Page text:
Tympanometry – Meaning, Operation, Classes, and Prevention

Operation of Tympanometry

At first, the otoscopy test is performed to check neither any foreign particles nor earwax are present in the ear canal as its presence may be obstructing your hearing power.

After this, a probe with flexible rubber tip is inserted in your ear which will cause changes in air pressure inside your ear canal when you start hearing some low-pitched noise up to 226 Hz. The movement of the eardrum is represented in the graph called tympanogram as the air pressure keeps changing. They are totally risk-free and suitable for child and adults.

After the test, if the tympanometry is normal there will be no fluid in the ear canal but if there is fluid near eardrums then the tympanometry is not normal. So in all tympanometry shows the normal movement of the middle ear canal, eardrums, and conduction bone.

Data Representing Normal & Abnormal Tympanometry :

Normal Tympanometry

  • No fluid present in eardrums
  • Normal movement of conduction bone and an eardrum
  • The Tympanic membrane in good condition
  • No need to conduct any additional test

Abnormal Tympanometry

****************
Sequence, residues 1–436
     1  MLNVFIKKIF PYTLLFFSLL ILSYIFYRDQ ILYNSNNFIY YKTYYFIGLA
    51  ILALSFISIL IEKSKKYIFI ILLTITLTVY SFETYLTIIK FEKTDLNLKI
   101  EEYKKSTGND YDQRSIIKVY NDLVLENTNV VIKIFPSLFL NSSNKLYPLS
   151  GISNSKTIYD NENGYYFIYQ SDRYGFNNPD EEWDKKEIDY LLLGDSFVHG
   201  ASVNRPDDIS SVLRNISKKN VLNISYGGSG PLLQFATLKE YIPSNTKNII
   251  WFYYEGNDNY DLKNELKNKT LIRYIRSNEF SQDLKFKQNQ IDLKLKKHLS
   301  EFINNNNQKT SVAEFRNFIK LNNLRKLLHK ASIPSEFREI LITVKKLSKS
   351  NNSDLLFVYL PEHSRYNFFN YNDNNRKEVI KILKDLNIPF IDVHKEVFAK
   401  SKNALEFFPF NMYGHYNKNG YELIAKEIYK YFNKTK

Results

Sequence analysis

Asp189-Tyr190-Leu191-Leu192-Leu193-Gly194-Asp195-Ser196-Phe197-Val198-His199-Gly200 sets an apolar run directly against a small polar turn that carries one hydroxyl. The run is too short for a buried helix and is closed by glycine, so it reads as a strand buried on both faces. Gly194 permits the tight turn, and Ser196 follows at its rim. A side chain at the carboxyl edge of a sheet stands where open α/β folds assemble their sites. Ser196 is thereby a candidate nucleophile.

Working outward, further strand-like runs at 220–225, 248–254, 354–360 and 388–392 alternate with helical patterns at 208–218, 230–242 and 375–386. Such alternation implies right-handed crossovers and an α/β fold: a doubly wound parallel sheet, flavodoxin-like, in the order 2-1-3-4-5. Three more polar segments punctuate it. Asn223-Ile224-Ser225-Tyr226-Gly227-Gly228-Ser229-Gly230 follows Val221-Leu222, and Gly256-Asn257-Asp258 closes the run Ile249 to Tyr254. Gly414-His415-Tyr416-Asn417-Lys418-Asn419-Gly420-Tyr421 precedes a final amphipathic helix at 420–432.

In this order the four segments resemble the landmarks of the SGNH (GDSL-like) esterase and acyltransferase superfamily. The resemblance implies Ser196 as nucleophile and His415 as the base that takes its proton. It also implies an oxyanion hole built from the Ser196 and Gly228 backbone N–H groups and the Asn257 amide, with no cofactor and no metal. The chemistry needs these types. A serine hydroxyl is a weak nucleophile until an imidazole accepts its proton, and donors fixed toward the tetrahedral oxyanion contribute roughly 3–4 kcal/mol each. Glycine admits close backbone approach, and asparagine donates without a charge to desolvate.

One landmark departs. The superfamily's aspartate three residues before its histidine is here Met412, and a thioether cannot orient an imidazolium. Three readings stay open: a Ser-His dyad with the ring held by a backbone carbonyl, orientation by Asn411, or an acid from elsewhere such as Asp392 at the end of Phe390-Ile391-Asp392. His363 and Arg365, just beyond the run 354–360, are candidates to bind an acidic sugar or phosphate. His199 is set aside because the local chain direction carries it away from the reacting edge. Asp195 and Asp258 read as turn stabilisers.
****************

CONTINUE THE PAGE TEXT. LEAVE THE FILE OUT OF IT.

• Presence of fluids in eardrums
  • Lack of contact in conduction bone of the middle ear
  • Scarring of tympanic membrane due to an ear infection
  • Need to conduct some additional test

Classification of Tympanogram

After conducting the tympanometry test, the graphs obtained are classified into following types based on compliance and pressure.

Tympanogram Type A-

Type A shows a teepee and a normal middle ear system which has no fluid and an intact tympanic membrane. It also indicates not a presence of any kind of foreign particles that usually prevent the entrance of sound into the cochlea from the middle ear. It shows compliance with 0.3-1.5 ml.

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Palak Patel

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